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Dystrophy Vocalist, Greg Bueno, Discusses Lyrical Meanings

Vocalist Greg Bueno, of the New Jersey melodic death/thrash metal band Dystrophy, has issued the following update providing insight into his lyrics:

"Something that I always set out to do with lyrics is to have the words match up with whatever is going on musically to make the song a unified whole. There is a tendency in metal for the words to just be there, shouted uniformly without much thought, especially in lots of thrash and death metal bands. There isn't anything inherently wrong with this approach, except that I like to be a little fancy when it comes to using certain compositional techniques. There is also a tendency in metal (moreso nowadays than in the past) to fill up every possible portion of the song minus the guitar solos with vocals. This is just plain stupid. Riffs need time and space to breathe and deliver their own intensity, so with few exceptions, I didn't feel the need to write 60 lines of lyrics per song."

"One thing I'm particularly proud of (even if it's of little consequence to the listener) is my usage of leitmotifs in 'Crown the Coward.' There are two parts of the song in which an Iron Maiden-esque, quasi-melancholic melody (a rarity in Dystrophy's music) appears. These two melody lines, which differ slightly each time they are presented, represent a specific idea in my head, namely a certain collapsing of faith. The fact that it occurs twice is significant to me as well. The shift in tempo that occurs both times compliments the idea of a collapse. Granted, I did not have this specifically in mind when I first wrote the music (as this is the one song I wrote almost in its entirety from a musical standpoint), but when writing the lyrics and channeling my experiences into what the song became, this is how it resulted. When I would write music for Semper Tyrannis, I would always try to use certain words and phrases to specifically compliment the music, but I had never tried to consciously use a certain riff or melody as a purposeful representation of an idea. On the next Dystrophy record, whenever the hell that will be, this is something I may try to do more often."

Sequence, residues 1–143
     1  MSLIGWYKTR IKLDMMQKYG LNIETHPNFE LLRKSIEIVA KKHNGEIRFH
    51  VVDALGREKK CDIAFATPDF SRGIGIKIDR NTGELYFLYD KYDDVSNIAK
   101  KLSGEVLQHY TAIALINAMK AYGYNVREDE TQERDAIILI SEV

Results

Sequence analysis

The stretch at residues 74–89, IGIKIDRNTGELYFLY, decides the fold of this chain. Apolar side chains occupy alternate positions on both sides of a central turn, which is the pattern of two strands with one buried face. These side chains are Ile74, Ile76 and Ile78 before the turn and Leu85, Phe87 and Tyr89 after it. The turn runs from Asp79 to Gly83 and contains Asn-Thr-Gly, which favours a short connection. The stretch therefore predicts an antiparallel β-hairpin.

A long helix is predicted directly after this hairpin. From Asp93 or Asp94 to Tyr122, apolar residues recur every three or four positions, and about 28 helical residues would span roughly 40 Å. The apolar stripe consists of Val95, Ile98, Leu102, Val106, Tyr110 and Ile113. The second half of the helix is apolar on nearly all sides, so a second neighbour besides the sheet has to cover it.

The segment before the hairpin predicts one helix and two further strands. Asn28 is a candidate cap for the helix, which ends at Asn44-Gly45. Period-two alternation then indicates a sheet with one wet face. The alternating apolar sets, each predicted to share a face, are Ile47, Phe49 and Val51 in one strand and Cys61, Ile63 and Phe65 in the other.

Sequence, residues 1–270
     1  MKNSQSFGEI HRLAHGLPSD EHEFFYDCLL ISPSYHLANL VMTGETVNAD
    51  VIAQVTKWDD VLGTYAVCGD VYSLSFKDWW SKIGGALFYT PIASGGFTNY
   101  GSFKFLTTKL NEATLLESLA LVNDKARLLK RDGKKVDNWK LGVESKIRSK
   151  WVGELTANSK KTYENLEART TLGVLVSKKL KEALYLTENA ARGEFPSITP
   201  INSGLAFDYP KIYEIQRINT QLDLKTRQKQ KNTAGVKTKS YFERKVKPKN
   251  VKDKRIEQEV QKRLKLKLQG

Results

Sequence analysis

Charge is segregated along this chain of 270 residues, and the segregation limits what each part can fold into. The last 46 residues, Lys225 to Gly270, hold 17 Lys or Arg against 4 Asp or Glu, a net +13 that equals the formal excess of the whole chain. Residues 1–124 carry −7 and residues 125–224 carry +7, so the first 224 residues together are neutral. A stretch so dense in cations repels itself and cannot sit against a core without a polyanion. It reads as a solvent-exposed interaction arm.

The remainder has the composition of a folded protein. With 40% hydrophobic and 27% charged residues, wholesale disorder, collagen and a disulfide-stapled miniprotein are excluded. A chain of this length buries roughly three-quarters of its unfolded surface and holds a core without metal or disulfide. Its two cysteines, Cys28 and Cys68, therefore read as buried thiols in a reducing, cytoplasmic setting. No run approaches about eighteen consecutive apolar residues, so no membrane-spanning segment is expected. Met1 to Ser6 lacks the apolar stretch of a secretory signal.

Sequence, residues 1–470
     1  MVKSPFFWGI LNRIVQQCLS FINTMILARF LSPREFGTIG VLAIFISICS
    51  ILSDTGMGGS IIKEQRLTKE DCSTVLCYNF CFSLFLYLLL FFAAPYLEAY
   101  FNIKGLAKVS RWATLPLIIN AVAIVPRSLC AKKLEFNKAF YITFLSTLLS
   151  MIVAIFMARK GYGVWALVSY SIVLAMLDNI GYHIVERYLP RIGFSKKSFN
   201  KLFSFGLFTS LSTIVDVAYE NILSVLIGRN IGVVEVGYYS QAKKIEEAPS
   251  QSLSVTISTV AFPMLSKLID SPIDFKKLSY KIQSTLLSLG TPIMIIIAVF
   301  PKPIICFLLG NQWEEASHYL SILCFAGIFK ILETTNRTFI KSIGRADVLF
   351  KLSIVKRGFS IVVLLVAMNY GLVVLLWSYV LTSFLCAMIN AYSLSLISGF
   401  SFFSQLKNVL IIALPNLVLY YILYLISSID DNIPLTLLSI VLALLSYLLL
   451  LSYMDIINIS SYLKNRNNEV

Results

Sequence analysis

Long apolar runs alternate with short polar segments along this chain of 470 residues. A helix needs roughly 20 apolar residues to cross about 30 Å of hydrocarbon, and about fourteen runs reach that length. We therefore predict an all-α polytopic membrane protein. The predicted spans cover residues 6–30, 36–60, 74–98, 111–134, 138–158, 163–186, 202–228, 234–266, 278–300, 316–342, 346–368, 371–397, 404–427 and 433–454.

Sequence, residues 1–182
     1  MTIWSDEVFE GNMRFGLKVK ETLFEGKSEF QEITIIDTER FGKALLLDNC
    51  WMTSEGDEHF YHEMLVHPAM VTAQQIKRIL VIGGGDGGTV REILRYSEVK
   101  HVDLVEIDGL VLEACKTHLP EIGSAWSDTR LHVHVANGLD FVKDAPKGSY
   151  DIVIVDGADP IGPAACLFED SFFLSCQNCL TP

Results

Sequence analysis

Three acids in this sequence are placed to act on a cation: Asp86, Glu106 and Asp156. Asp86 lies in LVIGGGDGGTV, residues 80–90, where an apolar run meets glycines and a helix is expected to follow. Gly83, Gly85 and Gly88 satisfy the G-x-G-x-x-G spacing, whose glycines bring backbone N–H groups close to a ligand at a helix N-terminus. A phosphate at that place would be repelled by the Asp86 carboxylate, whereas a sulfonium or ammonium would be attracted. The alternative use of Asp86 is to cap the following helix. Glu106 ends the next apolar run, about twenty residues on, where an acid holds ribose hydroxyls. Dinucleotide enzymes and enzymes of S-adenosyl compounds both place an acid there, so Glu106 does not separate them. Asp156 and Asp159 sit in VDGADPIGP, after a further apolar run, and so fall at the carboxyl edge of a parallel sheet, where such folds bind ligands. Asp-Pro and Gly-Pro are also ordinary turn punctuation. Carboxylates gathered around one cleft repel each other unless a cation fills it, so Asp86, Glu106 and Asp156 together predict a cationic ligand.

"'Crown the Coward' is also significant because it's the first more or less complete musical statement that I made since my Semper days. Since that time I had been battling musical apathy as well as musical writer's block. This was a breakthrough from all that, so it may be my favorite track. It's also the longest, clocking in at just under 8 minutes, which is a leftover from the proggy pomp and circumstance of my Semper days. 'Soul crusher, deceiver of dreams. With your veil you choked and blinded me.'"

More lyrical breakdown of dystrophy songs can be read at this location.

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